By David Harsanyi – Obamacare will reduce American workforce participation by the equivalent of two million full-time jobs in 2017, according to a new report by the Congressional Budget Office (CBO). Work hours would be reduced by the equivalent of 2.5 million jobs in 2024, a tripling of the previous estimates.
If you believe this report—and I’m not sure why we pay this much attention to CBO projections—you can then believe that Obamacare discourages work, pushes people out of the labor market and, consequently, leads to fewer people having jobs.
Certainly, it is well within the parameters of political rhetoric for the opposition to assert that the CBO has found that Obamacare is “costing” or “killing” American jobs. It is no more a “lie” to say so than it is to claim that Mitt Romney was “shipping jobs overseas” or for an administration to assert that it “created jobs”—or to use any of the other countless shorthand terms we use for economic consequences in political debate.
But the only way to blunt the negative force of the CBO findings was to deflect from the numbers and gin up a controversy over semantics. And the synchronicity and speed in which left-wing punditry accomplished this task was pretty extraordinary: No, absolutely false, the term “killing jobs” implies that the problem is on the labor demand side, but the CBO, as any honest person can see, is talking about the labor supply side. So really, “jobs” aren’t being lost; people just don’t want to work.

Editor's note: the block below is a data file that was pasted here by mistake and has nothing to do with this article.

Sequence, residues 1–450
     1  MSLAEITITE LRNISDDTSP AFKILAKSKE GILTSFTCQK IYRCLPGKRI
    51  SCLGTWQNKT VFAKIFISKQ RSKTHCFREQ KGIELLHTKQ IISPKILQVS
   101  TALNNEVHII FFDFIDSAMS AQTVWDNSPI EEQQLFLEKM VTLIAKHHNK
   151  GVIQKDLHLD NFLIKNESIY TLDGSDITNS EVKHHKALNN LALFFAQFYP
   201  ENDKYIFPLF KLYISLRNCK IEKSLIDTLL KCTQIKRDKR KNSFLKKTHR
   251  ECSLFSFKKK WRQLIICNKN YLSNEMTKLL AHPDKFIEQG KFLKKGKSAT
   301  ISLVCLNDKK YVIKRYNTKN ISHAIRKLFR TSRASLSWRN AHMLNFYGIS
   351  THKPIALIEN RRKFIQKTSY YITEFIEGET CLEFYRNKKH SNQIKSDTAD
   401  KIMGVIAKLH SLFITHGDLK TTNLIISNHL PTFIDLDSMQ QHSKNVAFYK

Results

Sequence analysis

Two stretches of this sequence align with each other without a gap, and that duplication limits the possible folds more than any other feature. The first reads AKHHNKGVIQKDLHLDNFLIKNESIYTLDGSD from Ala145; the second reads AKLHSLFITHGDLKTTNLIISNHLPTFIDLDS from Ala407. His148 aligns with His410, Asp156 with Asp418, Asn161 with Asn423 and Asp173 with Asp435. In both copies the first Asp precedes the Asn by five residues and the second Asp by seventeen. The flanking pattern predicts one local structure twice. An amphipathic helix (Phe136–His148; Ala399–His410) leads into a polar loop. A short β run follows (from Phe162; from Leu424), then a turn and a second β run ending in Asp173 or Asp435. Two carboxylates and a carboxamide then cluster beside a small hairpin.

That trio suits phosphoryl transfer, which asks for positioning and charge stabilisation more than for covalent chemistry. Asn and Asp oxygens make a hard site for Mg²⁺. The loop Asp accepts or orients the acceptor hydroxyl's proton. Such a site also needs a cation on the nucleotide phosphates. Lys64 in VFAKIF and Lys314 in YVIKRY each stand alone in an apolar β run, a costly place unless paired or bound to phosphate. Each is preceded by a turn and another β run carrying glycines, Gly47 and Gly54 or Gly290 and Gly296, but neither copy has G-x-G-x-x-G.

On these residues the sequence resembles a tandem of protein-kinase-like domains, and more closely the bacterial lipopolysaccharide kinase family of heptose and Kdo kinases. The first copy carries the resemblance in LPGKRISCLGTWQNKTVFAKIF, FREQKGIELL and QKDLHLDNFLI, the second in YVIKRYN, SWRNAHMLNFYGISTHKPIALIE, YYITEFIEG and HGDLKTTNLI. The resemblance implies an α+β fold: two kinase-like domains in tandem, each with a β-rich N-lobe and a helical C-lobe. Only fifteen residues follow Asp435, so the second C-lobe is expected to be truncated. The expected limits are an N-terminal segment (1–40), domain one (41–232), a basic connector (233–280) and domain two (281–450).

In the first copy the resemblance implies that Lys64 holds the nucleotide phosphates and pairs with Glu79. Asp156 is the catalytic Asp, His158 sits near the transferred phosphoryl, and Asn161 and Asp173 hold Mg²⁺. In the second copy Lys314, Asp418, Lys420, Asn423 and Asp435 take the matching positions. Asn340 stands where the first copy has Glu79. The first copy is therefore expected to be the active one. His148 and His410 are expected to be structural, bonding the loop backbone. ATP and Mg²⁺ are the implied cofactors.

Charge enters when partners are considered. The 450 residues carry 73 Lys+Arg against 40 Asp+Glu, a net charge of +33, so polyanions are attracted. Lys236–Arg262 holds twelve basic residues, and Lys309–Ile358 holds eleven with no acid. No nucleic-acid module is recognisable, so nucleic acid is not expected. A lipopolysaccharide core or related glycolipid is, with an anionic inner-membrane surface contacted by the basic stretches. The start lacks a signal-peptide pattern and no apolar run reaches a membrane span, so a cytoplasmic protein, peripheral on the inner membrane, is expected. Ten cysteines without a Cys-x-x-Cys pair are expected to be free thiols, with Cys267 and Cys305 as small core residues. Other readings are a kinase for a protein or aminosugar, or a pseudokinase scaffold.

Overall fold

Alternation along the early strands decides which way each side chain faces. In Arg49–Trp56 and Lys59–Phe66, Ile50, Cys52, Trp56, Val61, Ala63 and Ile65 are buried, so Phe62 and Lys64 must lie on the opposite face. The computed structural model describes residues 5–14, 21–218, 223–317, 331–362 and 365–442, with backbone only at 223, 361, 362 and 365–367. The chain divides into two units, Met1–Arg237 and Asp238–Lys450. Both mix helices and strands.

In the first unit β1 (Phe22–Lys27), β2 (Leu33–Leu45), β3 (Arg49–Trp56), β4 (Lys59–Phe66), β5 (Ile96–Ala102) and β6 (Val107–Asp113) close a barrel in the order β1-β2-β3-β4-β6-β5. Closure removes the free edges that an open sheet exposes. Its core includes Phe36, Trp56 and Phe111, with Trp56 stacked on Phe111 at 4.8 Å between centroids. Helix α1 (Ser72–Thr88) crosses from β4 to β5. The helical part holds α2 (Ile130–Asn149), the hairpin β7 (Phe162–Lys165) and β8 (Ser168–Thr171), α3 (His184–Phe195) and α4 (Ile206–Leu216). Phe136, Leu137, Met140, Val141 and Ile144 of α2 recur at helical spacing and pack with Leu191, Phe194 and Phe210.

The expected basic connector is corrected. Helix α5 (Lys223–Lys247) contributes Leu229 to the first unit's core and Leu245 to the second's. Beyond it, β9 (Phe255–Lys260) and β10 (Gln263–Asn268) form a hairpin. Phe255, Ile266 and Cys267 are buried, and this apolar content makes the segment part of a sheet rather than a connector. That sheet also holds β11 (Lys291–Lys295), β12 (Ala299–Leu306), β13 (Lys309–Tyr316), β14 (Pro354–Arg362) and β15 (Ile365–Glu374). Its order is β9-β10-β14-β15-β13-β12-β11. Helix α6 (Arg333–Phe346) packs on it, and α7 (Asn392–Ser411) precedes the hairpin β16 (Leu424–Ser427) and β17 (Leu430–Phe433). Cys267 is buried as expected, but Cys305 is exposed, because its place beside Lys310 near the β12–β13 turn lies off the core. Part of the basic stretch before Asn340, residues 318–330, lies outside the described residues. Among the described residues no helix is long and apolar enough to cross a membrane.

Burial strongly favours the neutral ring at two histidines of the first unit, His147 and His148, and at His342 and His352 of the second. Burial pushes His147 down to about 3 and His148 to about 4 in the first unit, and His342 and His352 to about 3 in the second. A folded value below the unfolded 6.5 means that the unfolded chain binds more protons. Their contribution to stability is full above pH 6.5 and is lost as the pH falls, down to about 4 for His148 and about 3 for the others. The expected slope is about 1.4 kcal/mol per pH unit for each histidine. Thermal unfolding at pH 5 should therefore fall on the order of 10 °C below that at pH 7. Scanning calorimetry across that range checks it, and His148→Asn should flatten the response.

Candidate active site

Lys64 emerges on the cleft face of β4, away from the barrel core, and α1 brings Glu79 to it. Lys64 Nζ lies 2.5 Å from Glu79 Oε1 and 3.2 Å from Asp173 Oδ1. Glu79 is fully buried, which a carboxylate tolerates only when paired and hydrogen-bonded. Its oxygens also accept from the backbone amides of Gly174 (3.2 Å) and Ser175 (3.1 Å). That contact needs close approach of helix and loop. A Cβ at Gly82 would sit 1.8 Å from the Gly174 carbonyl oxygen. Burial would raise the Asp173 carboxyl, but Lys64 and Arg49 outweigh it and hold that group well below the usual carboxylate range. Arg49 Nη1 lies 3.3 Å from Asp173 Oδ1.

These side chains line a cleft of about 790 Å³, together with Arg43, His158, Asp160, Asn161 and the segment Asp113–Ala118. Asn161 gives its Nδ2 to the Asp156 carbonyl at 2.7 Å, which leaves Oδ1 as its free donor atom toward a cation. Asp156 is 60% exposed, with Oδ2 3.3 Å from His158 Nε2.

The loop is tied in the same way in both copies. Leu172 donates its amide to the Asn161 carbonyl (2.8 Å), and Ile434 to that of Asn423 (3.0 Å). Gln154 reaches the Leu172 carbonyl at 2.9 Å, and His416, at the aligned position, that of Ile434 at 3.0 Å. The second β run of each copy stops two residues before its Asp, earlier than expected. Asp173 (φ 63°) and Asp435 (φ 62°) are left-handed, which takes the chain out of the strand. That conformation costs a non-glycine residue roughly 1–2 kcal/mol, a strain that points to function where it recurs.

“Obamacare is inducing labor demand to shrink!” doesn’t have quite the same punch as “Obamacare is costing us jobs!”—though both are accurate. Yet all of a sudden, a precise elucidation on every underlying economic reason for what’s happening must be offered with each and every mention of the CBO report. Otherwise, “lies.”
Well, unless you spin the projection as good news. Council of Economic Advisers Chairman Jason Furman told reporters that Obamacare allows greater “choice” not to work. White House press secretary Jay Carney followed. And soon, left-wing media followed. The Washington Post‘s Glenn Kessler prepared a bizarre fact-checking piece that was helpfully titled “No, CBO did not say Obamacare will kill two million jobs.” “First, this is not about jobs offered by employers. It’s about workers—and the choices they make,” wrote Kessler. Yes, the choice not to work at a job. Using Kessler’s logic, each time some clueless reporter mentions the word “jobs” in any story about the labor force participation rate—or the unemployment rate, for that matter—he or she may be lying to the public.
Magically, liberals argue it is a good thing that Americans will drop out of the labor market and a “lie” to claim that Obamacare is the impetus for impeding job growth.
Yes, for an estimated $1.2 trillion over the next decade, we can subsidize your freedom. In ordinary times, if a projection found particular legislation to be the impetus for more than two million people dropping out of the labor force during serious economic stagnation, newspapers might have reported it in a negative light. And maybe that was their initial intent here. But within a few hours, many were changing headlines. Here are a few, according to the Post’s Erik Wemple:
Politico at first: “CBO: Lower enrollment, bigger job losses with Obamacare.”
Politico now: “Report reignites debate over Obamacare and jobs.”
UPI at first: “CBO: Obamacare to cost 2.3 million jobs over 10 years.”
UPI now: “WH disputes media claims on CBO Obamacare study.”
What was once a story about Obamacare’s discouraging work and impeding job creation is now a dispute about semantics. Mission accomplished.